For Kids, Watching Games Means Tired Mornings
ROBERT SIEGEL, host:
This is ALL THINGS CONSIDERED from NPR News. I'm Robert Siegel.
And I'm Michele Norris. For those of us raising young children, the Olympics have posed a dilemma: to watch or to sleep. How can you say no when your child pleads, can I please stay up to watch Michael Phelps win one more medal? Bedtime rules are going out the window in many homes. But even though school's out, some kids still have to get up early for summer camp.
Unidentified Man: Tyler, Tyler, where are you going? Everyone else is still in here.
Unidentified Man: Let's go. Line up, guys.
NORRIS: If you're eight years old and you have to show up at baseball camp each morning, the best you can do is at least act as if you're awake.
Mr. CHAS GOLDMAN (Camper): I feel fine. I haven't really wasted much energy, so we'll see.
NORRIS: That's Chas Goldman(ph) of Takoma Park, Maryland at Home Run Baseball Camp here in Washington, D.C. He's a gymnastics fan and some nights, those gymnastics competitions didn't air on TV until 10:00 p.m. or later. Gavin Chesen(ph) has a 9:00 p.m. bedtime normally. His mom, Alicia Chesen(ph), let that slide this summer to around 10:00 p.m. She says she pays for the late nights the next morning.
Ms. ALICIA CHESEN (Mother): It is hard to get him out of bed.
(Soundbite of laughter)
Ms. CHESEN: There's no question about it. I count my blessings that school isn't on right now and this is camp, so there's a little bit more of a - I guess they're a little bit more laid back about it.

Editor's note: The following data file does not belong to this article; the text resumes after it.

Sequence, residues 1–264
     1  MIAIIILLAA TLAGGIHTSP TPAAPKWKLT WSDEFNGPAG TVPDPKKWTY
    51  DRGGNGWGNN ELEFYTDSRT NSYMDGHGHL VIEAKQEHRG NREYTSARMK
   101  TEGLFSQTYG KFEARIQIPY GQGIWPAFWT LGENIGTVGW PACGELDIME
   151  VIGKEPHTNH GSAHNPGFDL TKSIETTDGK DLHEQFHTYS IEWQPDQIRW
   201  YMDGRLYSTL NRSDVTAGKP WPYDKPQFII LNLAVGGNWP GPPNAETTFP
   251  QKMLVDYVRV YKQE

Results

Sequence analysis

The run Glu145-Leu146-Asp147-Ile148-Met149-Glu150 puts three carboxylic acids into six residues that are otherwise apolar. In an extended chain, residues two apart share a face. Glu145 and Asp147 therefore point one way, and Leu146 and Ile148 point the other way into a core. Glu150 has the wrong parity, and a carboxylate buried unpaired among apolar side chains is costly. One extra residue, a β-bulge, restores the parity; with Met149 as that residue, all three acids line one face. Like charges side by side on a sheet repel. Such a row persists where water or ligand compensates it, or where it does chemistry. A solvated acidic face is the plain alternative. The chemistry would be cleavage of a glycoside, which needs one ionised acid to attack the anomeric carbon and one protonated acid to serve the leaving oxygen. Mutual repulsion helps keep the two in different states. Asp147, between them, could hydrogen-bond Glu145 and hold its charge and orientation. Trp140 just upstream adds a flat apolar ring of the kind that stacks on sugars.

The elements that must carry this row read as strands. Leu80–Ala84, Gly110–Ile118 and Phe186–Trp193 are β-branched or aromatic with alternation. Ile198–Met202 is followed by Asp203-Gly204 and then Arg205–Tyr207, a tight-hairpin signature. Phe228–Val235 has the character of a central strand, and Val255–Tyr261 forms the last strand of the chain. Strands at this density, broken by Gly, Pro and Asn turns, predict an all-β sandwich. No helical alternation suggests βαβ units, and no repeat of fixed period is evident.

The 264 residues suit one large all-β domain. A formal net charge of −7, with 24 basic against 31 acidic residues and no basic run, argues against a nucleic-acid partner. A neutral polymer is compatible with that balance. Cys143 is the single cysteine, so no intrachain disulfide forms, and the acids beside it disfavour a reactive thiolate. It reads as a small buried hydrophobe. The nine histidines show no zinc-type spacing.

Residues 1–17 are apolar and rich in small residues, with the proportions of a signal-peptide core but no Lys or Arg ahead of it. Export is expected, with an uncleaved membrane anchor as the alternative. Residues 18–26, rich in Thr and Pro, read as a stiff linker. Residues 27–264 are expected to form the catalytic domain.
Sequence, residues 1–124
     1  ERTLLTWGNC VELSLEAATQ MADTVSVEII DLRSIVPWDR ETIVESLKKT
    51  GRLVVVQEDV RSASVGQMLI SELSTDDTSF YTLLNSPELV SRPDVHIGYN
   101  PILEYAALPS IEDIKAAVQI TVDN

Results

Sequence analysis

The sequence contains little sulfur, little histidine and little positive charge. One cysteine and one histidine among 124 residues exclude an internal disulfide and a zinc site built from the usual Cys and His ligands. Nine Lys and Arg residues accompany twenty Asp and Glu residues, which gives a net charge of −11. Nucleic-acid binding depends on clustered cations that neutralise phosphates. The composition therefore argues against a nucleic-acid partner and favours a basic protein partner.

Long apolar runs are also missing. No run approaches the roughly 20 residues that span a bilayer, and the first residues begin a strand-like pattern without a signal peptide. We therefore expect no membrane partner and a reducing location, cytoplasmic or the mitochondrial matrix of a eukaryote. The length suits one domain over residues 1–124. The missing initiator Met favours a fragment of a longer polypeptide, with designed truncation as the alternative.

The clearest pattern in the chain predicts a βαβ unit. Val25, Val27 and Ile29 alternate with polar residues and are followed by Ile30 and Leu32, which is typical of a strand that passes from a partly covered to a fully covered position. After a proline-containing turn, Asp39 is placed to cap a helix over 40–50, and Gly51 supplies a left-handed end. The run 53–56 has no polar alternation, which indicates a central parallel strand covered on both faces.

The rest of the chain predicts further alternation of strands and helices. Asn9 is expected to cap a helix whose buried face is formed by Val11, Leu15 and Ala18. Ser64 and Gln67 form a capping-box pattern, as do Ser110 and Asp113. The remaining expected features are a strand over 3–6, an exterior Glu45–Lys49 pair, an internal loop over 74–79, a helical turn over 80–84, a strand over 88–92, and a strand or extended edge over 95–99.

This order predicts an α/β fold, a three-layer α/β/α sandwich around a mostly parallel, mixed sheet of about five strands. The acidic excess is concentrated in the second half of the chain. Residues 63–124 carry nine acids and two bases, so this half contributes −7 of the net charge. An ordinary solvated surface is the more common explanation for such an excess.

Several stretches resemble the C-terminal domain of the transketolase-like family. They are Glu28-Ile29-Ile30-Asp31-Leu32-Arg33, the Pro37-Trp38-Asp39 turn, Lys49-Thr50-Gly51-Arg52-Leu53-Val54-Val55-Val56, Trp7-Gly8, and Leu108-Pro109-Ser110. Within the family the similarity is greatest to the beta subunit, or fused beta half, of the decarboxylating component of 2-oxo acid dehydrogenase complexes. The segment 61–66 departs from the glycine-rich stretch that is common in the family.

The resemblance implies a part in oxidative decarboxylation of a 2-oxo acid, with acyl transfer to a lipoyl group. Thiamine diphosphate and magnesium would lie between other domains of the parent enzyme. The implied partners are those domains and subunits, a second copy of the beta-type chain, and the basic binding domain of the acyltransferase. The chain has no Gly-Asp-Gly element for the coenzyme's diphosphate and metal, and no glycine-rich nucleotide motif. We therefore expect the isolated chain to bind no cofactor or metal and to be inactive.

NORRIS: Five-year-old Sophie Graft(ph) usually follows a strict routine - 8:30 bath, 9:00 bed, story until 9:30. Her mom, Sarah Kahn(ph), says the later nights are fine with her.
Ms. SARAH KAHN (Mother): Summertime, it's not as critical to us. They've got their camp. The camp starts a little later than school. And we'll be more than happy to have a little bit more Olympics to decrease the energy in the house. They're doing just fine.
NORRIS: And, she adds, her daughter has drawn some inspiration from the games. She's watched beach volleyball and now has her own bikini.
Mr. JOHN McCARTHY (Director, Home Run Camp): Let's go. Hit it, man. Let's go, let's go.
NORRIS: Home Run Baseball camp is run by John McCarthy. He says there's a good side to all this Olympic watching. It's an opening talk with kids about sportsmanship and training.
Mr. McCARTHY: Doesn't seem like they're tired. It seems like they're inspired by the athletes and the covers. So we try to talk about some other athletes that we might've seen or stories we might've seen, but it's nice to share the experience of all these kids because I'm a fan like the kids are.
Hey, try to bend your knees a little bit more.
NORRIS: Shanna Brotsman(ph) is seven years old. She plays first base short stop and second base at camp, and she's changed her evening routine.
Ms. SHANNA BROTSMAN (Camper): Usually, I just take a shower and go to bed. But now, I just go and watch Olympics instead of going to bed straight away.
Mr. ROBERT BROTSMAN (Father): It's been great. She is - I got to know different sports and we talk about how much training is involved, and it makes her want to come to baseball camp.
NORRIS: Shanna's dad, Robert Brotsman(ph), has discovered a great parenting tool in other Olympics coverage.
Mr. BROTSMAN: Sometimes it's hard to get up in the morning that I told Shanna that we're going to get up the morning and watch Olympics, and that gets her out of bed, right?
Ms. BROTSMAN: Yes.
NORRIS: Parents and their Olympic-watching, sleep-deprived, bleary-eyed kids at Home Run Baseball Camp in Washington, D.C. The games end this weekend and, luckily for some parents, before school starts.
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